A graph showing how much money people need to earn to buy the average house in their region is going bonkers on social media, with many concluding they might be in the wrong area to purchase their own home.
The graph, made by actuary trainee Emma Vitz and posted to Twitter last week, consists of data from interest.co.nz - based on a 4 percent interest rate, 20 percent deposit, 30-year mortgage, and the median house price as of April 30, 2021.
It shows Aucklanders need to earn nearly $171,000 to afford the average house. In Waikato, people need to earn $110,560, Wellington $131,960, Canterbury $85,520, and Otago $107,520.
The data revealed much lower earnings were needed in two South Island regions, however - $60,440 for Southland and $41,040 on the West Coast.
But the entirety of the North Island was beyond the six-figure mark - excluding Taranaki and Manawatū, which were at $82,000 and $88,000 respectively.
Vitz said she based the figures on common financial advice that people shouldn't be spending more than 30 percent of their income on housing.
House prices have risen dramatically during the past year. The Government in March announced a suite of new housing policies, aiming to cool off property investment and help first-home buyers.
Despite those moves from the Government, the latest Quotable Value data shows the average house price rose 8.9 percent in just three months to May.
Vitz's graph has subsequently been shared on other social media platforms including Reddit, with many disappointed the average home would be simply unaffordable in their region.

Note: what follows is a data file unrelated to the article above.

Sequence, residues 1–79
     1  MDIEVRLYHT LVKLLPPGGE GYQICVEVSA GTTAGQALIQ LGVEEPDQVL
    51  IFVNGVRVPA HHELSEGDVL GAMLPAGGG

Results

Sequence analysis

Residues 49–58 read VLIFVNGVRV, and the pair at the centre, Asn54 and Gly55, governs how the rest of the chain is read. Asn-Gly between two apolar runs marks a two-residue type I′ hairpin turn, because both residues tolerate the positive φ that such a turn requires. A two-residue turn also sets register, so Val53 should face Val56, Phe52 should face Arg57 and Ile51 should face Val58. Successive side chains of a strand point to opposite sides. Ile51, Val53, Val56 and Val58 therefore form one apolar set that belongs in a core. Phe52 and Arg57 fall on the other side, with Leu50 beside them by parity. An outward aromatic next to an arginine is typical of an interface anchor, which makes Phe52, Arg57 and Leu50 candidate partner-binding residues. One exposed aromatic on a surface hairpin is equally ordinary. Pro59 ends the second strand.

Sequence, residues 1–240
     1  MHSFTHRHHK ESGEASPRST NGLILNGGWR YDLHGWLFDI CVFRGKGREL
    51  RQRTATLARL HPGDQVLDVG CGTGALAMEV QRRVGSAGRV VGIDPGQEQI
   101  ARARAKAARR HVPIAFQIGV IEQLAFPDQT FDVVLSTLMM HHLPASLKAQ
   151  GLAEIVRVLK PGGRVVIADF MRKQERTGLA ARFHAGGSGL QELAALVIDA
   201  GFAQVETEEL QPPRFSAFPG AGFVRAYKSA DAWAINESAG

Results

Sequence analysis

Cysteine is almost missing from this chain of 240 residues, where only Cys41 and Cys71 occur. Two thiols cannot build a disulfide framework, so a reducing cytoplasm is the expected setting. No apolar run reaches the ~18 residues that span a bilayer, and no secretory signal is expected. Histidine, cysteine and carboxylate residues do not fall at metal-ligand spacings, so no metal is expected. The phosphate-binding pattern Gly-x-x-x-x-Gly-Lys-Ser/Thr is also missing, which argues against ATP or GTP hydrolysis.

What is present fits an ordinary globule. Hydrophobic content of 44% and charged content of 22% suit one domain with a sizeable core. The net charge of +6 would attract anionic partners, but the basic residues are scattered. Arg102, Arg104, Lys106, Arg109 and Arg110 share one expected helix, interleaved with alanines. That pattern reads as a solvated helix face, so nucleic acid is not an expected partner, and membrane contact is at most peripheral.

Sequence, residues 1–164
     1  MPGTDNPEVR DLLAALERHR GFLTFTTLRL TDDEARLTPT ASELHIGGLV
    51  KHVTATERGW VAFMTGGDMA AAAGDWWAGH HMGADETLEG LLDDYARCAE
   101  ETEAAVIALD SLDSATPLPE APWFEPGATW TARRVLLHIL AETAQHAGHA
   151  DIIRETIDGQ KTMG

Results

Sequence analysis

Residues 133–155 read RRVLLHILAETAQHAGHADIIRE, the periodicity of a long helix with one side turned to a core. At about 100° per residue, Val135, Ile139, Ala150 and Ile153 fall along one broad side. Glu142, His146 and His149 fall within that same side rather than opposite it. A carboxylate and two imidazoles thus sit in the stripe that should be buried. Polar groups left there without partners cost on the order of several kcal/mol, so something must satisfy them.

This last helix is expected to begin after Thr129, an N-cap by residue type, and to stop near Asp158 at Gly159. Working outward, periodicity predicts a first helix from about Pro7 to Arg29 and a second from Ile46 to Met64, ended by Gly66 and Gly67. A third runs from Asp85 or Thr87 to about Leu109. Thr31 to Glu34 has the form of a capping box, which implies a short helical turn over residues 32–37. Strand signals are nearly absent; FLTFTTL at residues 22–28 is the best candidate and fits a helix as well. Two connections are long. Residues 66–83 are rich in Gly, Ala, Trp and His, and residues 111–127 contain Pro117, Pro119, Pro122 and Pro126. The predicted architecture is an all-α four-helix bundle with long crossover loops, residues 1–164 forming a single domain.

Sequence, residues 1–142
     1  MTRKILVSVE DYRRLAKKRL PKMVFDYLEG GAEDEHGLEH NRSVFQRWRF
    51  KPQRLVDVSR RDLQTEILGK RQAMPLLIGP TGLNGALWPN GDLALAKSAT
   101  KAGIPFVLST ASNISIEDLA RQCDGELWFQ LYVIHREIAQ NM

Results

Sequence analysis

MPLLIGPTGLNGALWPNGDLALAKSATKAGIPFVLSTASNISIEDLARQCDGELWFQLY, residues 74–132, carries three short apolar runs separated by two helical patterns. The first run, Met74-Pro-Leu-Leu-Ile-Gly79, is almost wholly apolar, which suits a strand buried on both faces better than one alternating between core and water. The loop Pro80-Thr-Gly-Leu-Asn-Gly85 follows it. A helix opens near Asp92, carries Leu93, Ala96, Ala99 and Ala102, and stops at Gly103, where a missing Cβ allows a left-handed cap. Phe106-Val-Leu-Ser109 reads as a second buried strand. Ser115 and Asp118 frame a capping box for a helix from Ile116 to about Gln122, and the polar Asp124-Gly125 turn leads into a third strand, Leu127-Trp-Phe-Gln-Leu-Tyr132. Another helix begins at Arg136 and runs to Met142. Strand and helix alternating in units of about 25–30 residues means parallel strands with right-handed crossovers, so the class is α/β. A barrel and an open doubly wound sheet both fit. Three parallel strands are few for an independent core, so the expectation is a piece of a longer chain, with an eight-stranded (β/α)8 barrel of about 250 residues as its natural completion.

"I'm buying a tent," the user who posted the graph to Reddit said.
"Well that's depressing," one commented.
However, others noted single-income earners may not need to buy the "average" house.
"A single person probably doesn't need to buy an 'average' house, and could get by nicely on a 2 bedroom or even 1 bedroom place that would be significantly cheaper than the 3-4 bedroom places a family buys," one person wrote.
Another Kiwi, apparently based in the US, said getting on the property ladder in New Zealand is still easier than many parts of the United States.
"I moved states just so I could have a beautiful home and actually afford to leave work to have a family," the user said.
Another said they could afford to buy in a few regions - but it wouldn't be possible due to a lack of employment opportunities.
"Anywhere I can afford to live and own a home for my family, I can't work because there are no jobs there for what I do.
"Jumping over to Aus is seeming like the only viable option since they have better pay for my industry and (relatively) cheaper houses."
Some economists believe house prices won't stop increasing until interest rates go up - which one of the country's biggest banks, ASB, is tipping will happen in May.
ASB's latest economic forecast suggests the housing market remains "unsinkable" and expects prices to spike another 10 percent this year.